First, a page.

Ferns and fronds

When I first heard that ferns were part of landscape plans–over 20 years ago–my first thought was…what? Why would someone want to buy something they can see in the woods?  (We still have quite a few clients who feel that way!)

However, with our new deer-induced reality, combined with a maturing appreciation for natural landscapes, I have come around. Most ferns, by the way, do best in partial shade with reasonable moisture. Here is the all-star list:

Matteucia struthiopteris is the classic Fiddlehead fern.They spread, and boast crowns as tall as 150 cm. You can cut some of the young heads in the spring; just be sure to cook them well in a lot of water to avoid oxalic acid troubles.

Osmunda has a marvelous Wizard-of-Oz sound to it. Best known are Cinnamon ferns, which grow to tall crowns as high as 160 cm and have a central frond that looks coated in cinnamon. Osmunda regalis (as in royalty) can be even taller, and the foliage is more cut-out than typically fern-like.

Athyrium felix-femina has a good, low, spreading habit. A. nipponica is the Japanese painted fern and while pretty, is less hardy and less reliable. Dryopteris marginalis is easy to remember, as it is one of the few ferns that withstand dry (dryopteris, get it?) conditions with some sun. You will recognize it filling in large green areas in the woods and on roadsides.

Polystichum acrostichoides is an “evergreen” fern. It can be nice in a natural rockery situation.  Who knows, maybe I’ll grow to appreciate it more one day, like the others!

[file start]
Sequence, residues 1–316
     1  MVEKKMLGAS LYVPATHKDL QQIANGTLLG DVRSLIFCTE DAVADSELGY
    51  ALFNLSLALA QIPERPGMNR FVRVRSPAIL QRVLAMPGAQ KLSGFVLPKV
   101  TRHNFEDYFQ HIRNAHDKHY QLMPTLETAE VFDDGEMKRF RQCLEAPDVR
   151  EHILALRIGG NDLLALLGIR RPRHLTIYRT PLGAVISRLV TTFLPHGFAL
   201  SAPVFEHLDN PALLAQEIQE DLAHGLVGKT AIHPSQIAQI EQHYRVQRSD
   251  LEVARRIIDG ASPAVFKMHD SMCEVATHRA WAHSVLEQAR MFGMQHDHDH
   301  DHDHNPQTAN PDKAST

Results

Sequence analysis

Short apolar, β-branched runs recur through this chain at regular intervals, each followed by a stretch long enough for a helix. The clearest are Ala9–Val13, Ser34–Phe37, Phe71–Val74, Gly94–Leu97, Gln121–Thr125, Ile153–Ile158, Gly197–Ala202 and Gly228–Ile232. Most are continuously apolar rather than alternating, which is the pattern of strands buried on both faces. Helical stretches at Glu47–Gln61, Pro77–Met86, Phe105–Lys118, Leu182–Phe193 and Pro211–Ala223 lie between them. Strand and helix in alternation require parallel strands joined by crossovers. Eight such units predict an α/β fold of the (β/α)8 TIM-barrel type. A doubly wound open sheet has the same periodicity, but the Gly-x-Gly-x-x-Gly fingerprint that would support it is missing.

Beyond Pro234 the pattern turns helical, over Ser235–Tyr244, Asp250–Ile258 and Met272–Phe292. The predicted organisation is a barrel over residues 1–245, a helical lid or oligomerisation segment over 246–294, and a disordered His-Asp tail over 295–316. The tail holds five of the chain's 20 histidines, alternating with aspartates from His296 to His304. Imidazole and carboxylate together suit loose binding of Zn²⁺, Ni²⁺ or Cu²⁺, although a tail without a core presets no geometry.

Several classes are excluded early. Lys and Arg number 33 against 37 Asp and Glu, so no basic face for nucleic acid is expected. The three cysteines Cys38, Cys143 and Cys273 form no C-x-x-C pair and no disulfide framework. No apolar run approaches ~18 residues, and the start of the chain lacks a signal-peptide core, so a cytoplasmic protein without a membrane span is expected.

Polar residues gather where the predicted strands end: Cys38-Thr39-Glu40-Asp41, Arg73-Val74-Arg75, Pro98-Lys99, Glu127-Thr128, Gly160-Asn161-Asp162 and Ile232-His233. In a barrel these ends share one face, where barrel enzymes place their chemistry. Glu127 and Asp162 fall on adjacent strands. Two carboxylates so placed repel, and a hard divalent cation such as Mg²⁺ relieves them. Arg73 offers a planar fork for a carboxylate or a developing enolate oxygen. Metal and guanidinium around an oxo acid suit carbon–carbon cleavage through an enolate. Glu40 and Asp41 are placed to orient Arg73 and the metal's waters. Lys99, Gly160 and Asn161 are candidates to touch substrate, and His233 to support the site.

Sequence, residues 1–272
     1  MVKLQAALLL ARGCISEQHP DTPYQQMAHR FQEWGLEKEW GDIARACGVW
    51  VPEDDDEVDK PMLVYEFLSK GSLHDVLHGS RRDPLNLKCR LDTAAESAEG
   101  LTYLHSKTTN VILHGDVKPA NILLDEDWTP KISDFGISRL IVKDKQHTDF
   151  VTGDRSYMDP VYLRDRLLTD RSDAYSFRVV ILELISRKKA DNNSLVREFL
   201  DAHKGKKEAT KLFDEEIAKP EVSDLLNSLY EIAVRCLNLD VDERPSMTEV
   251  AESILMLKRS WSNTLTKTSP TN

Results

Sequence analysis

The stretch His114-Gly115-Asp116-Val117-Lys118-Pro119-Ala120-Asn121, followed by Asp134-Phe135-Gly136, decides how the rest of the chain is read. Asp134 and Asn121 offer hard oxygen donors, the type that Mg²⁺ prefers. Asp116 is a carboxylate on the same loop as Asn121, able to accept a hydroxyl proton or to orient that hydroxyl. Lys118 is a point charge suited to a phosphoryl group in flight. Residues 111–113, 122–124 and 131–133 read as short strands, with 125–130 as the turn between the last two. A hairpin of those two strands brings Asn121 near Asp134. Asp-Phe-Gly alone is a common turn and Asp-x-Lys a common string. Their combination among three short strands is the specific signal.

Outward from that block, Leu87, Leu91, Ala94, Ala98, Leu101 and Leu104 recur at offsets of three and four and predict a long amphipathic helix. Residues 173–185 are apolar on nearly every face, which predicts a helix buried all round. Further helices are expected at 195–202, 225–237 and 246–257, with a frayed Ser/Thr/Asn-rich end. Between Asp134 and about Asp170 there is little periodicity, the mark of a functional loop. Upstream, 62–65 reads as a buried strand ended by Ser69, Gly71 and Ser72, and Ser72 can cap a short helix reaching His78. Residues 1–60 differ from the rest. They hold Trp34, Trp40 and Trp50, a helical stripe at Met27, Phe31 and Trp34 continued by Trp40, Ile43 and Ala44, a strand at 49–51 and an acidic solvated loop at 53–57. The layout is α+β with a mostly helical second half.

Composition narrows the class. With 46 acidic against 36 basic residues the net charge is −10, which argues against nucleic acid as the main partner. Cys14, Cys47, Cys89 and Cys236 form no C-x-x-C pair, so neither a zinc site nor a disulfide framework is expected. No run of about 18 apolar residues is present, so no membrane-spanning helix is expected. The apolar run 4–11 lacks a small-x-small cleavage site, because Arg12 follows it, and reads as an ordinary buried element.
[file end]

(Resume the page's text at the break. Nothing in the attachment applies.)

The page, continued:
And while buying ferns may seem silly when there are so many in the woods, keep in mind that a container-grown fern will transplant better; and that transplanting wild plants is just plain wrong. Hope this helps you appreciate them, and better know what will suit your situation!


By the same author: Love the one you’re with! (Click the image below)


Laura Scully64 Posts

Diplômée de l’Université de Guelph en horticulture, Laura Scully est cofondatrice et copropriétaire de Northland, entreprise tremblantoise d'aménagement paysager maintes fois primée. Elle partage son savoir horticole avec les lecteurs du Tremblant Express depuis 2009. / A University of Guelph graduate in horticulture, Laura Scully is the cofounder and co-owner of Northland, the Mont-Tremblant landscaping company that has won so many titles and awards. She has been sharing her knowhow with Tremblant Express readers since 2009. paysagistesnorthland.com


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